What startles Harry more though, is the fact that he recognises the dead body as someone he served with during the Vietnam War. A tunnel rat called Billy Meadows. Meadows used to run the tunnels and flush out anyone hiding in them, and these tunnels were dubbed the black echo.

What follows, during the course of the investigation, is the uncovering of far more than just one death. Corruption, conspiracy and so much more take place in The Black Echo. I had forgotten how good Connelly is at creating such a strong plot. Whilst it moves at a slower pace, nothing is out-of-place, there is no padding. The whole story fits together effortlessly and is supported with an excellent cast of characters.

I can’t recommend Michael Connelly and his Harry Bosch series highly enough. A must for crime fiction readers! I can’t wait to pick up the next book. Hopefully I can sneak it in during May. 🙂


~Night Market by Daniel Pembrey~ Blog Tour~ Guest post

Hi everyone,

Today I’m thrilled to be hosting the lovely Daniel Pembrey, author of Night Market, his latest novel in the excellent Henk van der Pol series. Daniel has done a great post for today’s stop, which you can catch further down. Here’s all of the important bookish information first!

About the book:


When Henk van der Pol is asked by the Justice Minister to infiltrate a team investigating an online child exploitation network, he can hardly say no – he’s at the mercy of prominent government figures in The Hague. But he soon realises the case is far more complex than he was led to believe… Picking up from where The Harbour Master ended, this new investigation sees Detective Van der Pol once again put his life on the line as he wades the murky waters between right and wrong in his search for justice.

Sometimes, to catch the bad guys, you have to think like one. . .

Night Market by Daniel Pembrey

About the author:


Daniel Pembrey grew up in Nottinghamshire beside Sherwood Forest. He studied history at Edinburgh University and received an MBA from INSEAD business school in France. Daniel then spent over a decade working in America and more recently Luxembourg, coming to rest in Amsterdam and London — dividing his time now between these two great maritime cities.

He is the author of the Henk van der Pol detective series and several short thriller stories, and he contributes articles to publications including The Financial Times, The Times and The Field. In order to write The Harbour Master, he spent several months living in the docklands area of East Amsterdam, counting De Druif bar as his local.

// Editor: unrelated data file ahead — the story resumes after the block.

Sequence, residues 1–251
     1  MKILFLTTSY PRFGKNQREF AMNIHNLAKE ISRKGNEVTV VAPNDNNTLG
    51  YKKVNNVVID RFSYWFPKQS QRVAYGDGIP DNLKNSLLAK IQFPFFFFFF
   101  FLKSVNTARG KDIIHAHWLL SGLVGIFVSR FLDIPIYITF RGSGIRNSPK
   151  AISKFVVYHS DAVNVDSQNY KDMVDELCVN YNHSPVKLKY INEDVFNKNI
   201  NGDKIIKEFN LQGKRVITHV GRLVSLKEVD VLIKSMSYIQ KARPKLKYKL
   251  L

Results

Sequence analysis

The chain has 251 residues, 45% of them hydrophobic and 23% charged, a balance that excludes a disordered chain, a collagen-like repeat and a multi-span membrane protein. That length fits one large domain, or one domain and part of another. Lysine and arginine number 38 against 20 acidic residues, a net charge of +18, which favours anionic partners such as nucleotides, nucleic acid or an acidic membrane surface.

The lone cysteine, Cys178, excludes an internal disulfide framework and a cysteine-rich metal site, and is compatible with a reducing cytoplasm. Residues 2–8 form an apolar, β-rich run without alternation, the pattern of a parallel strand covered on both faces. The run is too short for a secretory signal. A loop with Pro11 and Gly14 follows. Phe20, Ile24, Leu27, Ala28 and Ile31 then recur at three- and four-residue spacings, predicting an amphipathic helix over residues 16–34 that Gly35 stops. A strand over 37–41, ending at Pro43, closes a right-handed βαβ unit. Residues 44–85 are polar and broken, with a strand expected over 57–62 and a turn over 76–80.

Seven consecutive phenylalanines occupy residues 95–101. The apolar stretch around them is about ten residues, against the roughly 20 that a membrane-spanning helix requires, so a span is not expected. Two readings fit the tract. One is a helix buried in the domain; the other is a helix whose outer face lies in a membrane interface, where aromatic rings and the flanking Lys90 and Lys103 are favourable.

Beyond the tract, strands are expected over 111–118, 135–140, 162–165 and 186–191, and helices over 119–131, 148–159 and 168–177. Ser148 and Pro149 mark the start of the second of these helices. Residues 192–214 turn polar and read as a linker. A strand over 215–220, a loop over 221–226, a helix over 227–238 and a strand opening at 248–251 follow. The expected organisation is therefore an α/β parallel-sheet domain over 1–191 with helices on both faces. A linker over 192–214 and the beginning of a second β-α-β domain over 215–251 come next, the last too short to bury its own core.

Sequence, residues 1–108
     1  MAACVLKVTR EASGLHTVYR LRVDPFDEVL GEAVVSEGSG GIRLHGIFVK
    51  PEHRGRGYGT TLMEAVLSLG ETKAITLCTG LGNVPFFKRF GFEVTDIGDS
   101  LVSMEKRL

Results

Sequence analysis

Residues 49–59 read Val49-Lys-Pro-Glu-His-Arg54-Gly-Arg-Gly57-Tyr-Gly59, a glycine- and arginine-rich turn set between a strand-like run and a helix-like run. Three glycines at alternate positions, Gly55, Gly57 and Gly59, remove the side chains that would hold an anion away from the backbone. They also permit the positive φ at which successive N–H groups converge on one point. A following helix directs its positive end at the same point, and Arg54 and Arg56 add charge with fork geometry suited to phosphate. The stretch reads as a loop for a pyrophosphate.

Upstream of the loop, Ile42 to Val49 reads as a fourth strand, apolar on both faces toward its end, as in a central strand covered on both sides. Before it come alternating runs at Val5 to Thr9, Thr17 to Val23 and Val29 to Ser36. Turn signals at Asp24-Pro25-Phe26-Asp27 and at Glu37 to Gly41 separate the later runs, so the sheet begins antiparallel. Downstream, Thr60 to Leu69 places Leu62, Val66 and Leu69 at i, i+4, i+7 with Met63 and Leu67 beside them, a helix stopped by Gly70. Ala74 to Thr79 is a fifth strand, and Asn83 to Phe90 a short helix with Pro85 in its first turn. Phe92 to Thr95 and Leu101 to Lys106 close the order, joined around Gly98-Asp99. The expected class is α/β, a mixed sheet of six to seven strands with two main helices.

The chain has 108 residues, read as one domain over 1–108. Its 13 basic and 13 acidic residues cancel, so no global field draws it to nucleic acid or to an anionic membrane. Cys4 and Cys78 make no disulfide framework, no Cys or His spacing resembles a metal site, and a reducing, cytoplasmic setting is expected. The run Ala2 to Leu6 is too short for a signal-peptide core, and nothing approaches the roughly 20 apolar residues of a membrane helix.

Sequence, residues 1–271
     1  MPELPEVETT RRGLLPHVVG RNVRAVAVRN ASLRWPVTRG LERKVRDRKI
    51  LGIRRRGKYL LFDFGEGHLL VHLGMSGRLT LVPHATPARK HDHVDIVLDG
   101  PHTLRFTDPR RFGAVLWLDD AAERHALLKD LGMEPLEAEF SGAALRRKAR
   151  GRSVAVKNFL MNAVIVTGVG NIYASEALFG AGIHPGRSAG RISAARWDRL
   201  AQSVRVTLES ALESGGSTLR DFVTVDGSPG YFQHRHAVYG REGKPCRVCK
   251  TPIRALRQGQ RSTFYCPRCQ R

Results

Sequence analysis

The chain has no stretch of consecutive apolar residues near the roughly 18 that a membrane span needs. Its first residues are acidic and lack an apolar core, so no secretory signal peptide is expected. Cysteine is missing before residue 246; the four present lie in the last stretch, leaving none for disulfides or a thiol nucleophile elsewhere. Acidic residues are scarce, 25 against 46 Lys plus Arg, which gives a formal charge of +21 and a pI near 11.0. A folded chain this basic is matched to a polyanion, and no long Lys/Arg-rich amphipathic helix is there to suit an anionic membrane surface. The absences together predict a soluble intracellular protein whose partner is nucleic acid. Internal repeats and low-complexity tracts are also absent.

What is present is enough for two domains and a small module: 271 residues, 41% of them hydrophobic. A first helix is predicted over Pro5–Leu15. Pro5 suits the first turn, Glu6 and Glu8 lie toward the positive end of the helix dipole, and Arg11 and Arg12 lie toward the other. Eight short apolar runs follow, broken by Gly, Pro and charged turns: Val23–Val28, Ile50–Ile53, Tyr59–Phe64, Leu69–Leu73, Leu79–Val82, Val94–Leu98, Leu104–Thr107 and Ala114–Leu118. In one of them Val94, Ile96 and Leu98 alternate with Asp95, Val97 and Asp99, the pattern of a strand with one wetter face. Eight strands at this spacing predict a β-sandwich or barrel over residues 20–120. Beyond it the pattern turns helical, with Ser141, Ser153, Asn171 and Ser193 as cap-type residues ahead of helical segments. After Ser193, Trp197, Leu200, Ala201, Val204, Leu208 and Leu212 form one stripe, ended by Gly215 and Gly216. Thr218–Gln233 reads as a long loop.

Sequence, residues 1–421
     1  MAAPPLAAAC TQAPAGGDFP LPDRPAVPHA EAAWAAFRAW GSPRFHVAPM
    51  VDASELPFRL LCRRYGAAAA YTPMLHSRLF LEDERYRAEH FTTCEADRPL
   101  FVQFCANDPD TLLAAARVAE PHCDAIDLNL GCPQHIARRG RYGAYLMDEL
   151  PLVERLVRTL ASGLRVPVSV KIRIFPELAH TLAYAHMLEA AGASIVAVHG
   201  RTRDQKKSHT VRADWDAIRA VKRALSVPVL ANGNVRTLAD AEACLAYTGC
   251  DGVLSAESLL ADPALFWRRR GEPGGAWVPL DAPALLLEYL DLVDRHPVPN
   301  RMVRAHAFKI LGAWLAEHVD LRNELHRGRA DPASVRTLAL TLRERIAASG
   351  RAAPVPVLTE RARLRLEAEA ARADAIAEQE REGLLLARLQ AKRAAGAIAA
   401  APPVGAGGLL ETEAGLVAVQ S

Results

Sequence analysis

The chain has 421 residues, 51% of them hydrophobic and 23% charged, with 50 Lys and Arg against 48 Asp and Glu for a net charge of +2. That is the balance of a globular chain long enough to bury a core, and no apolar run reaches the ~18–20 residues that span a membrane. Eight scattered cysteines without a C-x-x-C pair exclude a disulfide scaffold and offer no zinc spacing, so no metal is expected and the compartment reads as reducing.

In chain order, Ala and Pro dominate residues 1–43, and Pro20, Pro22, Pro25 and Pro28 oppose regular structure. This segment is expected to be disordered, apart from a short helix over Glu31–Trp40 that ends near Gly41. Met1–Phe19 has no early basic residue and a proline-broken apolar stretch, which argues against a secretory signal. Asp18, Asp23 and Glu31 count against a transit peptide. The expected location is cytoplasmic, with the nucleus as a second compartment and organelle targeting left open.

To receive occasional email updates and offers of free exclusive content, please sign up at Daniel is also on Twitter, @DPemb.

KM: You just interviewed Michael Connelly for The Telegraph, [Investigate a different side of Los Angeles by Daniel Pembrey]  – and Titus Welliver, who plays Bosch *swoons*! Was Bosch a big influence on your own detective fiction?


DP: Very much so. I pretty much conceived my character as a Dutch Harry Bosch – which is sort of ironic, given that Hieronymus Bosch was a Dutch painter – but I couldn’t find that type of police detective story when I began living in Amsterdam, so decided to write what I wanted to read.


Michael Connelly in Los Angeles


KM: I have to ask you right away: what is Titus Welliver like?


DP: Very down to earth, for a prominent Hollywood actor. I visited the night time set where they were filming an outdoor chase between Bosch and the bad guy in remote, wooded terrain; in the story, it takes place on an island off the coast, but it was in fact shot in LA’s Griffith Park. Titus was calling his wife between takes, saying goodnight to his kids. He’s clearly a big family man …  a seriously cool guy.


KM: Bosch began 25 years ago, a lot younger, but your character, Henk, starts off close to retirement. Why did you make that choice?


DP: Generally I’m more interested in older characters. They have life experience, and mental scars, and tend to be more complex. It’s more engaging when they have to use their cunning and street smarts to take on a villain. It’s the same with Ian Rankin’s Rebus character: a physically imposing guy who was in the SAS, but who is now older, who has to use his contacts and wiles. That’s a more interesting character to write. How do you feel as the reader?


KM: Well, I agree … though a physically in-shape man has a certain appeal too!


DP: Henk van der Pol can still look after himself, physically. But your point is a good one, so I can reveal for the very first time here (*drum roll*) that I’m working on a new story – a novella, to start with – in which Henk is at the start of his career, in 1983. He’s a young man in a hurry, chasing after the woman, Petra, who is to become his wife, and working on the infamous Freddy Heineken kidnapping that year. The working title is Henk 83.


KM: Ooh, I like the sound of that! Has it been done before – writing an earlier version of an established detective character?


DP: I also just interviewed Jørn Lier Horst in Norway (coming soon to another newspaper near you!), and his latest book, When it Grows Dark, takes his William Wisting character back to 1983 too. Mankell did a similar thing with Wallander, in The Pyramid.


Jørn Lier Horst in Stavern, Norway


KM: Fab. So when will ‘Henk 83’ be out?  


DP: All being well, later this year. Hopefully in time for Christmas. It takes a lot of of research. I’ve tracked down one of the police detectives who ran the Heineken case. I’m also watching ‘80s Dutch films; it was a different city then, much more edgy. There was open drug use in the streets, people lived in squats. Canal-side houses, which now go for millions, are vacant.


KM: The location is key for you?


DP: It really is. This was something else I learned from Connelly and his use of Los Angeles for Bosch, which I wanted to explore in that Telegraph article. Rankin, Edinburgh and Rebus; Horst, Vestfold County and Wisting. These characters not only inhabit their settings but also grow organically from them.


KM: Can location be restricting?


DP: Possibly, eventually. Connelly rotates his characters – he has Haller, the defense attorney, and a couple of others. For me, it was important that my character could get out and rove around the Benelux region (and beyond). So his investigations take him to Brussels, Antwerp, London, and even Norway – William Wisting’s beat, as it happens.


KM: But he returns Amsterdam.


DP: He does. It’s his beat. And it’s a great beat to have.


Photo by Dirk Bakker